To prevent burnout, caregivers need care, too

Published September 4, 2020

Caregivers are being empowered to take care of themselves for a change.

Caregivers are often doing so much for their loved ones, and balancing so many other responsibilities, that they might not prioritize their own health. Empowering caregivers to stay well—emotionally and physically—and prevent burnout is more important than ever because of the COVID-19 pandemic. As the population of older people needing care grows, the number of people with disabilities live longer and the pandemic continues, more of us will be depending on caregivers.

The question is: can a health insurance company offer the right kind of support without adding another item to a caregiver’s to-do list?

Anna Gosline, executive director of the Massachusetts Coalition for Serious Illness Care and senior director of strategic initiatives for Blue Cross Blue Shield of Massachusetts (BCBS Massachusetts), is the champion behind a new effort to help caregivers take care of themselves. Gosline says it's often easy to find resources to help caregivers be better at caregiving. But resources to support their own mental and physical health needs aren't so abundant. She hopes a new tool the insurer is testing, called TCare, will change that.

A clinical approach to prescribing solutions

TCare is an evidence-based program facilitated by trained BCBS Massachusetts professionals who gather in-depth data about a caregiver’s needs and prescribe the right resources based on clinical evidence. That in-depth data comes from a conversational assessment, which allows the interviewer to gain real insight into a caregiver's concerns and stresses. The program evaluates not only a caregiver’s responsibilities but also information about their health, social and emotional needs. And then the program recommends just two to three resources that, based on their unique situation, the evidence suggests will be most likely to improve their overall well-being. The recommendations can be anything from marriage and family counseling, to an exercise class or respite care for their loved one.

“No one wants a laundry list of resources to sort through,” says Gosline, referring to the experiences some caregivers have when reaching out for support. “You want a program that funnels down the information you need, right then and there. You want a co-pilot.” Caregivers are then followed and reassessed over time.

“The idea is to do more than prevent caregiver burnout, but improve their health,” says Gosline. “And that may ultimately improve the health of the person being cared for.”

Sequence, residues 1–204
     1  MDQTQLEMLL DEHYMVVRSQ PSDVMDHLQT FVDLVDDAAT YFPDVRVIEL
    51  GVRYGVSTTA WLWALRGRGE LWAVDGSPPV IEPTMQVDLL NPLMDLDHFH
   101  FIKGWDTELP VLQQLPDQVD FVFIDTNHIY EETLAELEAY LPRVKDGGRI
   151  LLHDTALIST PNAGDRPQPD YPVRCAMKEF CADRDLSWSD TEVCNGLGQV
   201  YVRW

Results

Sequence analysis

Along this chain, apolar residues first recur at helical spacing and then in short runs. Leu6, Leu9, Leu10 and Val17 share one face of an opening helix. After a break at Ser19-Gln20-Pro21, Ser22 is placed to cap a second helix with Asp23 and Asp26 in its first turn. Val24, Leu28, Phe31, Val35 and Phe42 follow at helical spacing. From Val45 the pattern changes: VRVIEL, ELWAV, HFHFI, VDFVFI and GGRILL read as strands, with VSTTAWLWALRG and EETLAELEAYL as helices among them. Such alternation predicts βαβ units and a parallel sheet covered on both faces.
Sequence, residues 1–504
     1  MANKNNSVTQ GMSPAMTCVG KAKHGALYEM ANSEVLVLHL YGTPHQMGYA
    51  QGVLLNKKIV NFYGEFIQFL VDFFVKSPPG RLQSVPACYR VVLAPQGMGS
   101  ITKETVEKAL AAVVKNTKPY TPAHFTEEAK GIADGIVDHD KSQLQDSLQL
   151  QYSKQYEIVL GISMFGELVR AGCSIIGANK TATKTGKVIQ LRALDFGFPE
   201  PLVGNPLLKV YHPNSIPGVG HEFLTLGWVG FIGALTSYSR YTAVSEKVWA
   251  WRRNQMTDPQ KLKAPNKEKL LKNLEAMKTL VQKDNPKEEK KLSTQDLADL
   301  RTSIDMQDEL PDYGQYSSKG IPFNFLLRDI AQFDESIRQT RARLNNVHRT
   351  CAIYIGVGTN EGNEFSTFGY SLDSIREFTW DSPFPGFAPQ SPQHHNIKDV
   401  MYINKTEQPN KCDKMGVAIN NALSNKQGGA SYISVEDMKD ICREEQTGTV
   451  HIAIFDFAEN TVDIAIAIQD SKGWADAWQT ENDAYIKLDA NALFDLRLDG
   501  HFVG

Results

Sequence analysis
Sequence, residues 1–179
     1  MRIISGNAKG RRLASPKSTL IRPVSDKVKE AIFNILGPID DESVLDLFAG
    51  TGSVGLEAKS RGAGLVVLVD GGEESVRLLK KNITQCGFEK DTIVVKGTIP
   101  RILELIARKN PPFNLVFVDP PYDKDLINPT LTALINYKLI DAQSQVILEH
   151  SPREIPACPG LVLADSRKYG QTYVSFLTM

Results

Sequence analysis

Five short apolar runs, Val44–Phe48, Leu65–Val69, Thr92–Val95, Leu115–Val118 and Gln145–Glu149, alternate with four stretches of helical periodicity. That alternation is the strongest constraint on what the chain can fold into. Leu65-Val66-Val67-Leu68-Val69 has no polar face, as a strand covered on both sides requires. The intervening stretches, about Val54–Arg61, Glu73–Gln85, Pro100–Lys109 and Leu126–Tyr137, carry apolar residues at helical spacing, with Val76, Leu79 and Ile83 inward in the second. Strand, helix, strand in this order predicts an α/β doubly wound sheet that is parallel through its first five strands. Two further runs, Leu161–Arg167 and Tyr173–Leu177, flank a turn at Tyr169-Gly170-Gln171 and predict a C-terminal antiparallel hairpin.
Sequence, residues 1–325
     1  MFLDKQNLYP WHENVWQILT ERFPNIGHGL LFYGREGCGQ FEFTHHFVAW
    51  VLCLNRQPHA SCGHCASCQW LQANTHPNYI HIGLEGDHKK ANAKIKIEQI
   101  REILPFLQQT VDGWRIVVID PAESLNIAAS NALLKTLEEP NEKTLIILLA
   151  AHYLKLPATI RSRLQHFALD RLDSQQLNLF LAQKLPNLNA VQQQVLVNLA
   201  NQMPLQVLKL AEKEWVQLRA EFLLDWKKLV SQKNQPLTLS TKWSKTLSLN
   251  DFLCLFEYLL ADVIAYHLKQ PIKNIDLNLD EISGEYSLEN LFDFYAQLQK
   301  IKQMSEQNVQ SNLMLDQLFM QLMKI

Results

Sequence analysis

BCBS Massachusetts associates will be among the first to try TCare, after a pilot with Medicare Advantage and with the caregivers of seriously ill commercial members.

Recognizing that caregivers need their own support system

Gosline says the realization that caregivers needed more support grew out of BCBS Massachusetts’ commitment to improving the care of people with serious illnesses. Case managers for those patients often found themselves talking to the caregiver on the phone, and not necessarily the patient. And they were the first to recognize that caregivers were under tremendous stress.

Gosline says more research showed the causes of that stress weren’t just the physical burdens, or the number of hours spent caregiving, or even money problems. “It’s also a lack of social and emotional support, of recognition about just how hard caregiving can be on all aspects of our lives” says Gosline. New research from the Blue Cross Blue Shield Association has found that caregivers are also at higher risk for chronic conditions, like hypertension and diabetes.

Recognizing caregiving in all its forms

Gosline says BCBS Massachusetts is paying close attention to the needs not only of its members but its own associates as well. "We’re hosting bi-weekly mental health chats for employees with our psychiatrist leaders," she says. One of the big themes being the additional stress parents are feeling caring for kids, working and managing remote schooling. Since the pandemic hit, the company has added significantly to its caregiver support benefits, including unlimited crisis childcare and elder care, with options to receive direct payments for family, friends or neighbors, as well as free and discounted subscriptions to a variety of childcare and eldercare platforms and services.

Caregivers of members with Alzheimer's disease or cancer can also find support. Gosline says the health plan works with the Alzheimer’s Association in Massachusetts to connect Medicare Advantage member caregivers with a specialist to provide advice, support and connection to services. They have also added Robin Care as a program that employers can elect, which is designed to help and support cancer patients and their caregivers through their treatment journey.  

Blue Cross Blue Shield of Massachusetts is an independent licensee of the Blue Cross Blue Shield Association, an association of independent, locally operated Blue Cross and Blue Shield companies.

RobinCare is an independent company offering a personalized cancer support program and is in no way affiliated or endorsed by the Blue Cross Blue Shield Association.

Massachusetts Coalition for Serious Illness Care in an independent organization comprised of more than one hundred Massachusetts-based organizations with the mission to ensure that health care for everyone in Massachusetts is in accordance with their goals, values and preferences at all stages of life and in all steps of their care. Massachusetts Coalition for Serious Illness Care is in no way affiliated or endorsed by the Blue Cross Blue Shield Association.